Cocksure

From Wikipedia, the free encyclopedia - View original article

 
Jump to: navigation, search
First edition cover

Cocksure is a novel by Mordecai Richler. It was first published in 1968 by McClelland and Stewart.

A satirical work, the novel centres on Mortimer Griffin, a middle-class Anglican from Caribou, Ontario who has built a successful career as a publisher and editor in 1960s London, England. When a Hollywood mogul buys Griffin's publishing house, Griffin is suddenly forced to confront the potential impact that not being Jewish may have on his career and his sex life.

In Ninety-nine Novels, Anthony Burgess named Cocksure one of his personal selections for the best novels of the previous four decades. The novel was also selected for competition in the 2006 edition of Canada Reads, where it was championed by comedian Scott Thompson.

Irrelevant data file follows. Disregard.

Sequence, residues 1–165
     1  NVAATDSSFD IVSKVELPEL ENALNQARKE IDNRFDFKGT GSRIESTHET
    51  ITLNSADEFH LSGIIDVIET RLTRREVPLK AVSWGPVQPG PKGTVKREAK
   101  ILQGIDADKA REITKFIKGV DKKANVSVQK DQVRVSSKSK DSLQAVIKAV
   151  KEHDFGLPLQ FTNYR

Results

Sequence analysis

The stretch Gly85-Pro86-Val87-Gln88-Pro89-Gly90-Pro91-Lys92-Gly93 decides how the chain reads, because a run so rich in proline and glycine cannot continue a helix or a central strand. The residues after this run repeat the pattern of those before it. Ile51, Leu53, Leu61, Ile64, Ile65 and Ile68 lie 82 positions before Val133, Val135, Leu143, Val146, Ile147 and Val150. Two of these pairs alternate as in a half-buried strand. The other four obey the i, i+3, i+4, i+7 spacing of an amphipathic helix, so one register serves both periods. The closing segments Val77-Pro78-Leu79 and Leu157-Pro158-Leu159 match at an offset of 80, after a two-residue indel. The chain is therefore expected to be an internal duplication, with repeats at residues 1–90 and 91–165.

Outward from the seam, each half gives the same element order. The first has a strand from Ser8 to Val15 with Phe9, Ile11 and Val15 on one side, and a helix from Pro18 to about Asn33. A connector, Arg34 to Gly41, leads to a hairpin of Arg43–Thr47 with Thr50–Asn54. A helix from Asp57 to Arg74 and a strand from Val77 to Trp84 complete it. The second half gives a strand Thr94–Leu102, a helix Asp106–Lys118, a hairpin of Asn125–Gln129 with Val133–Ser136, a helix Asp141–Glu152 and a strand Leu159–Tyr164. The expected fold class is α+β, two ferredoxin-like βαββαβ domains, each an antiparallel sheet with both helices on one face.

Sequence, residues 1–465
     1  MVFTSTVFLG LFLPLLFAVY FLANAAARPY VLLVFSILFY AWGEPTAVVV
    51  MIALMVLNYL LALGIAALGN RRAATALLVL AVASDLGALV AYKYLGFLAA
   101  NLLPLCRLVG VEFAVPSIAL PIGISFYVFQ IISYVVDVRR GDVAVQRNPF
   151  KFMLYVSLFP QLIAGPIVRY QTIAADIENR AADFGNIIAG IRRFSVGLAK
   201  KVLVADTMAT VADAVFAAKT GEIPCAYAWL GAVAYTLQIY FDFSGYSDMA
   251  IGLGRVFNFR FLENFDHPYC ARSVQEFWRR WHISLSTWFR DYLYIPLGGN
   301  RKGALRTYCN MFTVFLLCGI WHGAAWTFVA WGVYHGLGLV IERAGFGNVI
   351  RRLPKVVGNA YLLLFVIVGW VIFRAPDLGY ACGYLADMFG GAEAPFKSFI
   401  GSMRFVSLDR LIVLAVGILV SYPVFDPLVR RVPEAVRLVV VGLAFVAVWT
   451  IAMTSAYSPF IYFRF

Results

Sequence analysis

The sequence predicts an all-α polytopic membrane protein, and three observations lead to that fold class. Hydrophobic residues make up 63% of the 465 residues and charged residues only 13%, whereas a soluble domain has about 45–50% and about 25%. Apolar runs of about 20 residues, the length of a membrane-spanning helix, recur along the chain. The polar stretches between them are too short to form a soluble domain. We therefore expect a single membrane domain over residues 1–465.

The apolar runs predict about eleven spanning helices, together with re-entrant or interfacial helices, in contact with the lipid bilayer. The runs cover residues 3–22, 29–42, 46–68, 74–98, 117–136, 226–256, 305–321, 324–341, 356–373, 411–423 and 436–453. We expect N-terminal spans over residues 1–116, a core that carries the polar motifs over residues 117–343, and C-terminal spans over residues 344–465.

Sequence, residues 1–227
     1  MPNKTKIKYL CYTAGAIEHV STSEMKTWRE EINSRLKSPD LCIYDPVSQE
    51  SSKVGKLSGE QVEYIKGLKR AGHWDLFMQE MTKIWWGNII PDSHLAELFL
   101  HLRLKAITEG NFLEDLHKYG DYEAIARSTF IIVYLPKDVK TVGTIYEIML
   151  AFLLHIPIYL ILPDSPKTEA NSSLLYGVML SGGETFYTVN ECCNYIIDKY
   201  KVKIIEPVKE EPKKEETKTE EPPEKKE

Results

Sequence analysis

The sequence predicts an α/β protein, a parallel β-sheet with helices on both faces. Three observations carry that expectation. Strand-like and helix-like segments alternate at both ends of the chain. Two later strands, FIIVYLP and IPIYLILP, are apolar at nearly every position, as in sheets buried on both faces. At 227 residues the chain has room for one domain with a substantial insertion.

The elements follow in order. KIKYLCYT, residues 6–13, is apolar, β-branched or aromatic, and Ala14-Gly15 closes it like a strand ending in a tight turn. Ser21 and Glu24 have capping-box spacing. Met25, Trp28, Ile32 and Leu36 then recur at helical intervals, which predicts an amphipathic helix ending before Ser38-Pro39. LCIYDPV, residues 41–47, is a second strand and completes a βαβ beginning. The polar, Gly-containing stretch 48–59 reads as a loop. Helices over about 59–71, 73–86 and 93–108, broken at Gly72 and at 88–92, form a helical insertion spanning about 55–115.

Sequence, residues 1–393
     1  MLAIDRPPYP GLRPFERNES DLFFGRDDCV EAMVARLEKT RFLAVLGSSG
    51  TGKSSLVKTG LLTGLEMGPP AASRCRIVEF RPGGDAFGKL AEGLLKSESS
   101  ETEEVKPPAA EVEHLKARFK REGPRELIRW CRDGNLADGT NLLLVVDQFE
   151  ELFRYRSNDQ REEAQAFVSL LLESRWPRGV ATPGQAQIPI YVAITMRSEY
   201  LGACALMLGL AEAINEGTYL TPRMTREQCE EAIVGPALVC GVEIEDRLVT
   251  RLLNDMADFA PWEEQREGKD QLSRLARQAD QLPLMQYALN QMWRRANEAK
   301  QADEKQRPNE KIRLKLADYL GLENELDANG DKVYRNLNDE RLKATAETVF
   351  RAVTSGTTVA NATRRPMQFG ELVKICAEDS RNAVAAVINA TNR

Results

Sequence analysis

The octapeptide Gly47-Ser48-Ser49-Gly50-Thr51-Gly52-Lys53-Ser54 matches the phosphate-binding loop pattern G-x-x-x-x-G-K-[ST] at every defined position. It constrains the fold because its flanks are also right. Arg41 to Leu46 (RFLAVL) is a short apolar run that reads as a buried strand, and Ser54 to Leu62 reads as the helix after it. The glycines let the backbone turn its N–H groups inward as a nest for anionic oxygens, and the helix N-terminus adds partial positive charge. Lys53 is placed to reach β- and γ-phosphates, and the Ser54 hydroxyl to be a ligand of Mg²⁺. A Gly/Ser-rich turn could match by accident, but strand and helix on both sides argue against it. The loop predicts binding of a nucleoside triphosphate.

The book caused a sensation when it was declared by some as obscene and was banned by W H Smith in Britain as well as by stores in Australia, Ireland, New Zealand and South Africa.[1]

Criticism[edit]

Cocksure and Richler's contemporaneous essay collection Hunting Tigers Under Glass were jointly awarded the 1968 Governor General's Award (Fiction and Essays). The novel was considered by many critics, however, as an amusing jape rather than serious satire. Writing in The New York Times, Canadian writer Marian Engel called it "smart-alecky stuff [that] doesn't cut any deeper than the Sunday-paper set it's aimed at".[2]

References to notable events and personalities[edit]

References[edit]

  1. ^ Victor J. Ramraj (1987). "Mordecai Richler: Biocritical Essay", University of Calgary
  2. ^ Marian Engel (May 5, 1968), "Wasp from Caribou", The New York Times
  3. ^ Cocksure, McClelland and Stewart, New Canadian Library edition 1996, p.48

External links[edit]